The dogwood is an underrated fruit tree that can surprise with its yield, despite its unpretentiousness. The dogwood is a long-lived tree, so it can produce in your garden for several generations after you. Many varieties can grow in the foothills up to altitudes in excess of 1000 metres above sea level. The fruits are most often pear-shaped. The typical colour of the fruit is deep red or dark red, although we also know a yellow variety of aloe. Many of them are interesting additions to gardens because of their taste. They ripen at the end of August and not until September. They are suitable for direct consumption, with varying sugar content, but still with a significant vitamin C content, and they also contain pectins. It is the pectins contained in them that can be used in the production of jams, marmalades and compotes.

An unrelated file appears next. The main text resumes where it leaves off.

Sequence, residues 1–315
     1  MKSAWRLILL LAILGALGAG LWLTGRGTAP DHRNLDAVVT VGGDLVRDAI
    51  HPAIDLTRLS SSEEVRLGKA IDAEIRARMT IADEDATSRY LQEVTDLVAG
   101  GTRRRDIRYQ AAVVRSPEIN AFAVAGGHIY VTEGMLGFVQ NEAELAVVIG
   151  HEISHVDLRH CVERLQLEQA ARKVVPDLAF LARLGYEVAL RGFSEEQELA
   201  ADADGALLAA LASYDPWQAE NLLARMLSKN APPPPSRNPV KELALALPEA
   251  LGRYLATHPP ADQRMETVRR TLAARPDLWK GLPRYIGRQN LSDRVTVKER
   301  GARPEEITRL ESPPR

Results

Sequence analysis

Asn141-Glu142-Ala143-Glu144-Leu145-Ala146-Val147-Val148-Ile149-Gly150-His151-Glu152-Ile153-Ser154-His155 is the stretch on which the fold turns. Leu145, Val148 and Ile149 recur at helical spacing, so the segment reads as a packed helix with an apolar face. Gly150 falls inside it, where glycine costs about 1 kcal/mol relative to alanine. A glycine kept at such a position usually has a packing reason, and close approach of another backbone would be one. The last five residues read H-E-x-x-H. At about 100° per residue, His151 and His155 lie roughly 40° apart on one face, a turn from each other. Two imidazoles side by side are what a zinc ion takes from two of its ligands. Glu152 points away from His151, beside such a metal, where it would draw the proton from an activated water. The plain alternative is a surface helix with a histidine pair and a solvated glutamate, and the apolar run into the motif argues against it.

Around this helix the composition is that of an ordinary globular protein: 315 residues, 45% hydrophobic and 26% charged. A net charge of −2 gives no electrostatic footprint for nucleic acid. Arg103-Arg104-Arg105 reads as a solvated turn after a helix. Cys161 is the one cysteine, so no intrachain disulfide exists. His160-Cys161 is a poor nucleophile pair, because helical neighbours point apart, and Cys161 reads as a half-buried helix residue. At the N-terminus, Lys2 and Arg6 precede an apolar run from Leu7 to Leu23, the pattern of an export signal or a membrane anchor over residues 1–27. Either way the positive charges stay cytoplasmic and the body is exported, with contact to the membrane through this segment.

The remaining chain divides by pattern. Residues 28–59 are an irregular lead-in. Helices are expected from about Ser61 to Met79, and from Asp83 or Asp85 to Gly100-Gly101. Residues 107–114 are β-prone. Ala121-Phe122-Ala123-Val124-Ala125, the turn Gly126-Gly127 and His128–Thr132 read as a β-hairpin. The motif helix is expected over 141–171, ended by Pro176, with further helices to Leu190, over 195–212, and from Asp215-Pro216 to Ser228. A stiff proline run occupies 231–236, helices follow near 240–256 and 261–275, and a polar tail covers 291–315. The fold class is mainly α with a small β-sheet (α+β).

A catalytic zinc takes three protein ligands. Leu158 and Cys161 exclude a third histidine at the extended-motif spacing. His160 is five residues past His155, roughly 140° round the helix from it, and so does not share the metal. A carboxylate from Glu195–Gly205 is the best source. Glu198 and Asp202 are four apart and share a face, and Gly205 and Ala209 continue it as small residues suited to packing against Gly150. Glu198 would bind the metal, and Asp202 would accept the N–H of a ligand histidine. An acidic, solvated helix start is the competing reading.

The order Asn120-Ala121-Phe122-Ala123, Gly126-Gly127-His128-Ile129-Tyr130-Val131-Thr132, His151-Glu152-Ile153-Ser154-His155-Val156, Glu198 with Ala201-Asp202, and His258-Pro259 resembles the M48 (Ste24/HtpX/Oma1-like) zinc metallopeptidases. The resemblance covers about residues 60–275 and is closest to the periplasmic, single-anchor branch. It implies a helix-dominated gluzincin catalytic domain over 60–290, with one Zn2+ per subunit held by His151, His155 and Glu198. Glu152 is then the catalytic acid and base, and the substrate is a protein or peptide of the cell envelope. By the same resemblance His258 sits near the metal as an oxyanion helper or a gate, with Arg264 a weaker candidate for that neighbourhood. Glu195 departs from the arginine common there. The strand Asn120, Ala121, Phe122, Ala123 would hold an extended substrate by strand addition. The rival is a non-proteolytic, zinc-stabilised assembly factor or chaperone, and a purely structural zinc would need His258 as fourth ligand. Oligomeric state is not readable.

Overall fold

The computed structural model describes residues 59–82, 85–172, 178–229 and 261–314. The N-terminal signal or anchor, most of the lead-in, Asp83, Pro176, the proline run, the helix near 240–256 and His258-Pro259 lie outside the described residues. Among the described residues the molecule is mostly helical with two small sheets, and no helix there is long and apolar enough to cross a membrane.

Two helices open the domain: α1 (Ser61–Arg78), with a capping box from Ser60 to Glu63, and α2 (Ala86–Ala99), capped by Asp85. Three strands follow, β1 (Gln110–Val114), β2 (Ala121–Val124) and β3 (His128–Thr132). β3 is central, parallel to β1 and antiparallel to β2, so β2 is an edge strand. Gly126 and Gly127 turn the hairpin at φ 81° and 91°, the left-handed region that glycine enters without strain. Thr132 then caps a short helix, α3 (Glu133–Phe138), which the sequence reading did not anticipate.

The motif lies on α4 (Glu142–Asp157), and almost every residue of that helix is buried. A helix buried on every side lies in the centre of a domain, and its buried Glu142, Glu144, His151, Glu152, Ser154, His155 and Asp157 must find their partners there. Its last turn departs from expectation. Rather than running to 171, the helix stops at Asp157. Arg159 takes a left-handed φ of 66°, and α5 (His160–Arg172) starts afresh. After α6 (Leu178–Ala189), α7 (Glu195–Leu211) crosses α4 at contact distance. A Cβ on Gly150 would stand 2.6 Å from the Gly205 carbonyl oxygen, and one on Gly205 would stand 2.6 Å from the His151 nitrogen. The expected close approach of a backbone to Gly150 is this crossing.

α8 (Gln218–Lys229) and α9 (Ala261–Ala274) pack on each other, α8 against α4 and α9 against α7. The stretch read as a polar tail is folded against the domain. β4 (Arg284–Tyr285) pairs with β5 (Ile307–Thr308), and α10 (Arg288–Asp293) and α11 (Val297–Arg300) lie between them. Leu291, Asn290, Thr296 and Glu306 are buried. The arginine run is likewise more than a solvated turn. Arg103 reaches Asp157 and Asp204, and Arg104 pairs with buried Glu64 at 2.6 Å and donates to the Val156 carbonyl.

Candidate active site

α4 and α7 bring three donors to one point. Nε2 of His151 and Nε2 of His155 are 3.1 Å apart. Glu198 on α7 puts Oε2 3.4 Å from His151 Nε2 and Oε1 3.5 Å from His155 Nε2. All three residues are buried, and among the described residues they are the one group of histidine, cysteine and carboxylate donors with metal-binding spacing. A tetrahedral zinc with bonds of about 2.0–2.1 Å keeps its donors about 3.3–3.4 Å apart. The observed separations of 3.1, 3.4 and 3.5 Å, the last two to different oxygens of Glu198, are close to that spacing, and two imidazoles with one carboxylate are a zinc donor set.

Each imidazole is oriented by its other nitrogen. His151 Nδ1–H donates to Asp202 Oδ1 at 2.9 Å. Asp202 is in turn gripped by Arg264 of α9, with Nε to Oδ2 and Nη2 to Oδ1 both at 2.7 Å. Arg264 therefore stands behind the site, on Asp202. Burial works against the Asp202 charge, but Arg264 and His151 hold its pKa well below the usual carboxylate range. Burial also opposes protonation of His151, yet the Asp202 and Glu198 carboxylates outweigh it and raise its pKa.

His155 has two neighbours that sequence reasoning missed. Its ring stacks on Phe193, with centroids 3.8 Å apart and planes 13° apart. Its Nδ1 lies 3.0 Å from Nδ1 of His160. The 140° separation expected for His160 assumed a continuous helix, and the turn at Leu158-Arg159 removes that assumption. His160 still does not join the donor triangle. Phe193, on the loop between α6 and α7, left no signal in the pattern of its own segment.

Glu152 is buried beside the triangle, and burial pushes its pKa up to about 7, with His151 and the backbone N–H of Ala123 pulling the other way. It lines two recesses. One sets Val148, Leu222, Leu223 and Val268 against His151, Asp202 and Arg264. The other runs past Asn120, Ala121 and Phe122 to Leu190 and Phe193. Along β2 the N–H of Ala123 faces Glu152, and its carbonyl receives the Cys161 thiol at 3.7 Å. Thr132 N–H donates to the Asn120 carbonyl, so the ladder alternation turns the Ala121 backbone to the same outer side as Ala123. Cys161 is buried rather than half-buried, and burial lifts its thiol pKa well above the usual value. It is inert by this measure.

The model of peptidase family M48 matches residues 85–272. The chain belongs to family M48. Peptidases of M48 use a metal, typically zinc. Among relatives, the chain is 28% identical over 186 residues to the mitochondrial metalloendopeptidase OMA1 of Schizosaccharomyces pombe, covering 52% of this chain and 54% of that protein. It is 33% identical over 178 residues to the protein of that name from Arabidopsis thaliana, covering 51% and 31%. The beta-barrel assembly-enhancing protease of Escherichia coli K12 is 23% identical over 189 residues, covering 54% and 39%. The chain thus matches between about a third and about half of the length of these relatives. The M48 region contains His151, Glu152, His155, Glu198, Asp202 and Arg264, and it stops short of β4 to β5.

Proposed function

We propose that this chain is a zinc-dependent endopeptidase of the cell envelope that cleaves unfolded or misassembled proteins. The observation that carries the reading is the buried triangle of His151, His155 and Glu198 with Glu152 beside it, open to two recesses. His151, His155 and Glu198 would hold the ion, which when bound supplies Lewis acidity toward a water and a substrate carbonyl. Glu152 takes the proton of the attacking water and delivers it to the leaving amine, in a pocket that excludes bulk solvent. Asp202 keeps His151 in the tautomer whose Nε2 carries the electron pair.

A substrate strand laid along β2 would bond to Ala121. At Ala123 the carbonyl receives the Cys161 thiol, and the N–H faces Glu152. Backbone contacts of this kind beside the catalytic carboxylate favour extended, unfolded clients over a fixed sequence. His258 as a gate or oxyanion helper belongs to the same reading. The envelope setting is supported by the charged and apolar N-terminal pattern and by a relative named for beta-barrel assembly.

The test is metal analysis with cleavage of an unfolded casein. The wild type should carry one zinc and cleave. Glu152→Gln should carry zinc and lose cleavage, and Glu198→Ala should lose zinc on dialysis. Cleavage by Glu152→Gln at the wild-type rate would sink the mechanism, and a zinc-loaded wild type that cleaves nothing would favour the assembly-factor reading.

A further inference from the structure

The tree is soil-intensive. It appreciates especially alkaline, permeable soils. It is less tolerant of acid soils or soils that are polluted and degraded. Acidic soil can, however, be reversed by adding dolomite or by conventional soil liming. The dogwood is also encountered in the wild with its wild variant. It is characterised by early flowering before foliage.

Care of the plant

Planting the dogwood plant has only a few rules. The most ideal time for planting is autumn. If you have purchased a container plant, planting in the spring or during the summer is no problem. If your plant has a visible graft and is not a seedling, this graft must be above ground. The same rule applies to other fruit trees. With smaller dogwoods, it's easy to forget. Branches growing below this graft (i.e. from the rootstock) are not desirable. Individual plants should be planted 4 metres apart if the intention is to grow the dogwood for maximum yield and for the long term. Smaller gardens can allow for a radius of 2 metres.

Pruning for shorter shoots is carried out at the end of August or in February. For the first year after planting, a harvest cannot usually be expected. Usually this does not happen until the following year. However, it is worth waiting.

Observations and points of interest:
  • Disease-free, easy to adapt to and hardy